Here is my fear: people hide behind English because they do not understand the question being asked. How do you teach someone to do a technique? You might say "Now I'm going to teach you the small elbow wrap", but you DEFINITELY say "Grab my wrist".
LANGUAGE IS SUBJECTIVE. English is not a good language to describe martial arts. There are no good languages to discuss martial arts, because everyone has their own expression, every language has their own description, every school talks about something different.
What does 'stacking' mean to you? I've encountered at least three meanings that I can quote off the top of my head, two of them martial-arts-related, and they are vastly different one from the other.
I asked a question about Daito-Ryu which illustrated my point so elegantly and so beautifully that I feel it stands on its own. If you read the chain of comments, you will see that not only have I narrowed down the topic of my question multiple times, but I have in fact narrowed it so much that a moderator insisted that it became subjective, which is exactly the problem I want to avoid. I tried to play nice by reusing the language that was given to me, and suddenly that language became too narrow because it was one person's definition.
In addition, some of us learn martial arts from Russia, France, Japan, China... We may not even know the same word for "open hand with fingers all together and straight out and thumb tucked in", and someone may tell us that is an incorrect definition of shuto because I forgot to mention that you pull back on the thumb and extend on the pinky finger to obtain the right kind of tension.
Assuming that someone cannot understand what is in a video is exactly the same as assuming that someone cannot understand the English in someone's question.
Do we need to know what Mikhail or Vlad are saying, when they are speaking Russian and explaining the concepts of the Systema strike? Sure, that'd be nice. Do we need to know what Mikhail or Vlad are saying, when they're not saying anything and -showing on multiple people- how the strike works? We don't. Because we can see it.
Did people learn from teachers who SPOKE to them? No. Traditionally, they were SHOWN something, and practiced it. Then they were corrected.
The ideal solution is for me to post this kind of video. It's an instructional video. It shows a few applications based on the opening technique of Isshinryu's version of Chinto kata. It has the WONDERFUL advantages of being by an American and having English as well as a demonstration of every part of the movement being explained, so I can point at a single part and ask what that movement does. It has the disadvantage of containing the answers, so there's no point in asking the question.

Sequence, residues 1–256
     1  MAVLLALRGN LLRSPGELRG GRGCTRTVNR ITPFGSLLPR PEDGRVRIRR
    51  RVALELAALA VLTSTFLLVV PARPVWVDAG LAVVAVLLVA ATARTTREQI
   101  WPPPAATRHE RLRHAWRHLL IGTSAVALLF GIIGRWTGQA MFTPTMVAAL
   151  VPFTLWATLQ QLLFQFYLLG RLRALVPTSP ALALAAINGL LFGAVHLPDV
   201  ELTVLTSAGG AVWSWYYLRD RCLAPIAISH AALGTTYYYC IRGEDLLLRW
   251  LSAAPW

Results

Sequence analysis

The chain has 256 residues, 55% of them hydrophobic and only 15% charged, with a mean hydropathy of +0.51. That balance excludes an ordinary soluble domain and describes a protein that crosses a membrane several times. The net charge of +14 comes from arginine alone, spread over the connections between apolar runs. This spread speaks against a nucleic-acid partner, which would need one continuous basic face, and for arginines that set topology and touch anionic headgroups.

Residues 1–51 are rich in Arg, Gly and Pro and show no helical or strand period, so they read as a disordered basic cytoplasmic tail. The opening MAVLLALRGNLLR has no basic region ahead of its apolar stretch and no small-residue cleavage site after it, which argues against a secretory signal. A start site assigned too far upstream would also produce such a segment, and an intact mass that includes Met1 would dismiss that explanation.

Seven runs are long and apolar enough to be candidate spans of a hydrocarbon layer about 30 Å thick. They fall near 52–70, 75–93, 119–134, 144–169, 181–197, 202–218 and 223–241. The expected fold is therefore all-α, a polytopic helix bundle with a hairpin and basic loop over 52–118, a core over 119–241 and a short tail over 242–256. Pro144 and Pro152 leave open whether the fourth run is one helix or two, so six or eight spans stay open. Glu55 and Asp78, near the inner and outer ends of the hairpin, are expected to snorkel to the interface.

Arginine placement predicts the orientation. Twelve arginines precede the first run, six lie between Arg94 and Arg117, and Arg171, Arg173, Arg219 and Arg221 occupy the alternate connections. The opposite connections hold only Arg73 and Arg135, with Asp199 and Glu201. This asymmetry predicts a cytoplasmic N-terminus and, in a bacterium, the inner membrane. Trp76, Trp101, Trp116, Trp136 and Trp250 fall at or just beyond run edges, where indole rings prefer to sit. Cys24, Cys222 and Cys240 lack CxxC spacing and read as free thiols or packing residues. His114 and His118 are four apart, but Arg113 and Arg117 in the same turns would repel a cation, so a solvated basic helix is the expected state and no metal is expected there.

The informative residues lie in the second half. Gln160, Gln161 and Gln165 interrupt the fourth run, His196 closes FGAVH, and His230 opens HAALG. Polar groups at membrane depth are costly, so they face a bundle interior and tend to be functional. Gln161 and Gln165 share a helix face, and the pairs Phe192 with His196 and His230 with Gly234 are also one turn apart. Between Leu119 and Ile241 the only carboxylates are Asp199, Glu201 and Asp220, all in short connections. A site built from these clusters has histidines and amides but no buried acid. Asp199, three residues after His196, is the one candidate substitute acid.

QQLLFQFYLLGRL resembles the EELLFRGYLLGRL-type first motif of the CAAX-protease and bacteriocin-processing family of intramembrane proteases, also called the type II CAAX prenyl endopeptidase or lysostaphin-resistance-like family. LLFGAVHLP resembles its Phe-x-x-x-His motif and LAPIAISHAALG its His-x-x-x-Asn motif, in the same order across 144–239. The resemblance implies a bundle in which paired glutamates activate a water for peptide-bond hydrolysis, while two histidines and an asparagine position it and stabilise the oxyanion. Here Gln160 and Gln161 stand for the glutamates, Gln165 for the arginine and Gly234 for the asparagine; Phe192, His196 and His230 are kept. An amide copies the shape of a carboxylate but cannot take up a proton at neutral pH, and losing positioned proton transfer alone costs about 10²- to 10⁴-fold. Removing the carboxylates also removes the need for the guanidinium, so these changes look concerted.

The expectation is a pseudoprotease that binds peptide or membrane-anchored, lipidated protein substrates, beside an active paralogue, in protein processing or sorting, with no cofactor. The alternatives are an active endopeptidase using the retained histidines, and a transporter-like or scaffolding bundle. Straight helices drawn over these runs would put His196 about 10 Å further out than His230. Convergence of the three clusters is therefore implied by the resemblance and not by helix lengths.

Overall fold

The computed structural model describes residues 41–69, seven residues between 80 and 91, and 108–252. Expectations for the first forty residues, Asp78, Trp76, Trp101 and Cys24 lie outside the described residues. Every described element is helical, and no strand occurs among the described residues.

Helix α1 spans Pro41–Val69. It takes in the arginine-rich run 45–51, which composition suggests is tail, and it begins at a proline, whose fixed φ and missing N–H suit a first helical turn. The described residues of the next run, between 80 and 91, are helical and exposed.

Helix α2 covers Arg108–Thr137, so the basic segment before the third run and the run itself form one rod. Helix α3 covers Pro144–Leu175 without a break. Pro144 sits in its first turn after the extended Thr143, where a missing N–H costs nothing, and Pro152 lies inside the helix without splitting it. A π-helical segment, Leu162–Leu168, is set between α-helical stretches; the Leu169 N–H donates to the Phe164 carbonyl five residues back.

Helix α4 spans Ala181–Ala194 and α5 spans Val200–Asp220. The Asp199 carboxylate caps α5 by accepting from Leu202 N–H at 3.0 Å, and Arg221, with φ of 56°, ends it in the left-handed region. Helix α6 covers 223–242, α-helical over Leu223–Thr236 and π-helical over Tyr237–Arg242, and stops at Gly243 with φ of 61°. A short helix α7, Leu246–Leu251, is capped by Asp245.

Are we also going to insist that people who do not speak English well (English is my fourth language, and only because I don't count Latin) must pass the TOEFL, or prove in some way their ability to communicate in English, before we can ask questions? (I am referring here to the following quote from an answer: Dismissing the idea of using words shows bad communication skills, and not even trying is much worse.) Yes. Not trying is bad. But dismissing the idea of using words does not necessarily show bad communication skill. That is a conclusion you can only take if you don't take into account what we are trying to communicate.
Let's take a simple example of when English (or Japanese) fails, which is taken from the Bubishi. Yes, I am cheating, because I am talking about potentially spiritual concepts. Wait.. Am I cheating? Well, I don't think it's relevant to this question.
A person's heart is the same as heaven and earth.
The blood circulating is the same as the moon and sun.
You can read more about it here. If you press the link, you will notice I did not give you the translations given in the website. Because they're translations. And because the concepts are spiritual and indicate things that words cannot describe, things that even the Chinese, with their extremely imageful language, could not pin down. Other examples: non-action, or The name that can be named is not the eternal Name.. Actually, as it turns out, the West has a very similar concept, with the god that is bigger than you can comprehend (which means words cannot explain it).. But now I am REALLY digressing off the main topic, though I am certainly still making my point.
Now, let's be fair. sometimes you don't need a video. This video is a great example of something you can explain without a video. Let me tell you, so you don't have to click. And when you click, you'll know exactly what you're watching, because I told you. This is a video that shows at multiple speeds low, middle and high blocks in a fairly culturally traditional karate style. It says that first when the strike comes, you move off the line and back, then you parry with a hand, then you counter with something (many examples are shown).
On the other hand, sometimes you need a video. Because describing the earlier example of DaitoRyu as "Okamoto-sensei is kneeling. An uke grabs his wrist. Okamoto-sensei lifts his hands, then the uke writhes in pain. Okamoto-sensei brings his hands down, then the uke falls to the side and rolls" will unfortunately lead to the "They're faking it" answer, which is incorrect. And the video CLEARLY did not help, but NEITHER WOULD HAVE THE WORDS, because the person answering clearly is not familiar with this particular technique. Unfortunately, the words would not have tipped off anyone to what technique I meant unless they were familiar with Daito-Ryu, but with the video, someone who has the right training can understand, see and put some words that will satisfy the question and qualify as an answer.
TL;DR Video is sometimes a better medium than words.